Confessions of a Solopreneur: What I Wish I Knew When I Started3 min read
Every month, like clockwork, it’s time to “balance the books” — or in my case, I google sheet with tabs for each month of the year. I wasn’t always this disciplined. At the start of my solopreneur career, 10 or so years ago, I took a big leap, leaving a job I was miserable in, and facing the unknown with no plan and not enough cash to get me through the month.
Here’s what I wish I knew, and what I continue to refer back to, because while I believe this is applicable when you’re just getting started, it’s also serves as reminders to me when I get into the weeds of my solo business.
- That grit IS the reason I’m still going.
While I wouldn’t recommend to anyone to go solo without some savings, it did show me that it can be done. It’s just a lot of hard work, stressful nights, and likely, the smell of desperation at a new client meeting.
Recommendation: Have no fear, grit can be learned. Get to know where you’re at. Test your grit score.
- Having savings for at least 3 months makes for a smart safety net, which means budgeting.
It kind of sounds easy. Make a budget. Have a line item for savings. Balance budget and actuals. But this is one area of administration that has taken me the longest to develop a habit around. The other is taxes. Thankful annually for my awesome accountant!
Recommendation: Budgeting and savings are skills, we aren’t born with these abilities. Build a practice of budgeting at any time, it’s never too late. You might surprise yourself at how quickly you can turn it into a weekly or monthly or quarterly habit!
- Start building your clientele early, like before you quit your day job.
What gave me the courage to quit the job I hated, was a former business acquaintance turned friend who said she’d hire me to do some of her marketing. Sure, we had no formal agreement, but I had my first client the day I struck out on my own.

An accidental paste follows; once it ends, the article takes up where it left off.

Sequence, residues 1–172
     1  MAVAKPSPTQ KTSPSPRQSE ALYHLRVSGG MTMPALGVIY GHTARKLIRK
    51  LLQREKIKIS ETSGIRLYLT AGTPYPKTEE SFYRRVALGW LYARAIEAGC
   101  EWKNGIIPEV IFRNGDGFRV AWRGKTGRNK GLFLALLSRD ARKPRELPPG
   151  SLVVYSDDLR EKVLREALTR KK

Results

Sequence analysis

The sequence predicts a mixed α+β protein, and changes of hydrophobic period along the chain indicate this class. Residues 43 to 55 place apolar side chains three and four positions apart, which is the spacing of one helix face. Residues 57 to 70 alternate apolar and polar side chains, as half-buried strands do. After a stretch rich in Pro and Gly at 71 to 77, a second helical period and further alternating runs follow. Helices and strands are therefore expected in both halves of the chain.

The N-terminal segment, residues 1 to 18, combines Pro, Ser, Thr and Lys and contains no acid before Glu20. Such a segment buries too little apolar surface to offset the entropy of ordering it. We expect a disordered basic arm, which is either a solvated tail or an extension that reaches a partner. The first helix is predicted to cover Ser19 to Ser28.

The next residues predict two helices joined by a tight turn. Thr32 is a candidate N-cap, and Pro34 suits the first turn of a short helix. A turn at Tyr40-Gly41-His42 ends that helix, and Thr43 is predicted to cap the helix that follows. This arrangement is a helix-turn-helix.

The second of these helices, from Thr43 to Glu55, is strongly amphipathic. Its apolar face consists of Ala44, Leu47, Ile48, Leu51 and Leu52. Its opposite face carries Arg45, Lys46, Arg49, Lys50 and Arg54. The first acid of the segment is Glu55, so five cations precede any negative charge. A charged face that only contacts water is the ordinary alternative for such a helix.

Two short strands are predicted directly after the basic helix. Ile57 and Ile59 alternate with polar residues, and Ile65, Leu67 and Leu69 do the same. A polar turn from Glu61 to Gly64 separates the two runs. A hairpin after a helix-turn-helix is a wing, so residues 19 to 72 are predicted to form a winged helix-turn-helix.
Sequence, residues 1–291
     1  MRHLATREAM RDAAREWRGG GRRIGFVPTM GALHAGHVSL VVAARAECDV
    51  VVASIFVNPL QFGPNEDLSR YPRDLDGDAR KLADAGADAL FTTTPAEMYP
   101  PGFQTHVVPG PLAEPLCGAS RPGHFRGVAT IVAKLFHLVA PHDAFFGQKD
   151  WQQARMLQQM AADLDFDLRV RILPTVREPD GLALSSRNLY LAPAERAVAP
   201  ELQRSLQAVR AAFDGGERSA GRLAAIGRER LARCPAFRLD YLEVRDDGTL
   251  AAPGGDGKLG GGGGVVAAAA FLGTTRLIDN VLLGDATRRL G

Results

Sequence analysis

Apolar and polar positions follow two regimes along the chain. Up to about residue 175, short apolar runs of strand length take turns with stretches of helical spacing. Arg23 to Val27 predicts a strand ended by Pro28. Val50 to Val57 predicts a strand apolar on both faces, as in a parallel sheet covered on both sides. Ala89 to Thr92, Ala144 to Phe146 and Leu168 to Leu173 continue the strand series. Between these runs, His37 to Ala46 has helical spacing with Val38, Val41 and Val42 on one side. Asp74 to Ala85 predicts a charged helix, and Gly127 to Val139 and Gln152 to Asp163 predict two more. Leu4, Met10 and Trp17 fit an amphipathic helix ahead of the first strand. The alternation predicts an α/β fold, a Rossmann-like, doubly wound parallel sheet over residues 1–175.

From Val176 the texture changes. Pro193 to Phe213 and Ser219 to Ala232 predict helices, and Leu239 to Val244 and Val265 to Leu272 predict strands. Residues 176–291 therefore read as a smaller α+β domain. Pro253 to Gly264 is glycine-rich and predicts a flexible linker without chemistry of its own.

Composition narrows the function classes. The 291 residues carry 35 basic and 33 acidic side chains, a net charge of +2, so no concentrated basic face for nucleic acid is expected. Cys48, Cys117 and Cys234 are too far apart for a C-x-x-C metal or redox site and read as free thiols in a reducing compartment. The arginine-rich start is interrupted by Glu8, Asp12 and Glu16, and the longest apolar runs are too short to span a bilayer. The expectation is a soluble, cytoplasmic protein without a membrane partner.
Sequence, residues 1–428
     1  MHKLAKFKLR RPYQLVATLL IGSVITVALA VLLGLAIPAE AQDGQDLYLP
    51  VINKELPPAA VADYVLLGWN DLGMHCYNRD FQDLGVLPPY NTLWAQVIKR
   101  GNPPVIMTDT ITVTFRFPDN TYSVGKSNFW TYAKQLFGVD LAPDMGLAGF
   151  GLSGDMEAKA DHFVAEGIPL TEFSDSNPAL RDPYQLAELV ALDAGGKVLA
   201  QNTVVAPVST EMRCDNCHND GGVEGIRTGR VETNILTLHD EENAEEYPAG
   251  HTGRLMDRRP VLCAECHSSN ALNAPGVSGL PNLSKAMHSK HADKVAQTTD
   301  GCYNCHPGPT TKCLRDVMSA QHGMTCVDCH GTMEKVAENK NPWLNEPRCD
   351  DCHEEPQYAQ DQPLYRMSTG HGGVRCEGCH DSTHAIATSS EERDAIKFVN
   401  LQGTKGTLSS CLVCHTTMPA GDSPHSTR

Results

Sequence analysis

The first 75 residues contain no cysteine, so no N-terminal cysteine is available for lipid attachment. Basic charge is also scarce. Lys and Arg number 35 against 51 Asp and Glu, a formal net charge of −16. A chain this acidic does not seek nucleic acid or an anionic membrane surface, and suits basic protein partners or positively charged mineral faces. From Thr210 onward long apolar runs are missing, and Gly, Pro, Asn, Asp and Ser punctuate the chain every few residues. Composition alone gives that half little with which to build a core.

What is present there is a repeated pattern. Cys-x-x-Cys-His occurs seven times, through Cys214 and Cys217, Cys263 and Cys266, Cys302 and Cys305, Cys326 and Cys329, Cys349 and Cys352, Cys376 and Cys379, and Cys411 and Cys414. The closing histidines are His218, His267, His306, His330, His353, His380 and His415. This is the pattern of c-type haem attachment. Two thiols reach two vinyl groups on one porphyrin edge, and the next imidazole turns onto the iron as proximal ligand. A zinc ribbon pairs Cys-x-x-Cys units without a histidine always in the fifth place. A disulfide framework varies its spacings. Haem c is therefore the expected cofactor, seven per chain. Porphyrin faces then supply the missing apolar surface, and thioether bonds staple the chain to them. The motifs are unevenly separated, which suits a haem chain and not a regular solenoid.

Recommendation: If you have enough of #1 grit, you can fuel yourself through the moonlighting phase. Building a clientele takes time, but you’re resourceful and have a network of people. Make a list of prospects. Connect and explore how you can help them. Ask for the sale. 90% grit. 10% pitch.
- Get clear about what’s really important in your freelance career.
Being happy in the work I produce and working with incredible collaborators and clients and getting to work the way you want, is important, to me. It boils down to freedom, which I further refined to choice. It’s easy to get sucked into other definitions of “freedom”; slogans like Freedom 55 or work hard, play hard, and/or work/life balance are fine and dandy, but deciding if they are your definitions is of most importance.
Recommendation: Sit down and define what is important to you and your lifestyle. Write it out. Put it somewhere you can see. Use it to guide your decisions. Ask yourself questions like “Does this client/project align with my working style and/or my personal values?
- Create actionable and measurable business goals. Often.
They need not be groundbreaking. When I started out, I made vague statements that weren’t tethered to what was actually achievable in the short term. But small and steady goals, that I measured over a month set a good pace for me, and gave me a sense of accomplishment.
Recommendation: Think of your to-do list, and increase your time horizons from daily to weekly. Need help? Get yourself a career coach or an accountability buddy. They both can help you stay on track!
Get more freelancer tips and check out solopreneur stories on the Talent Collective blog.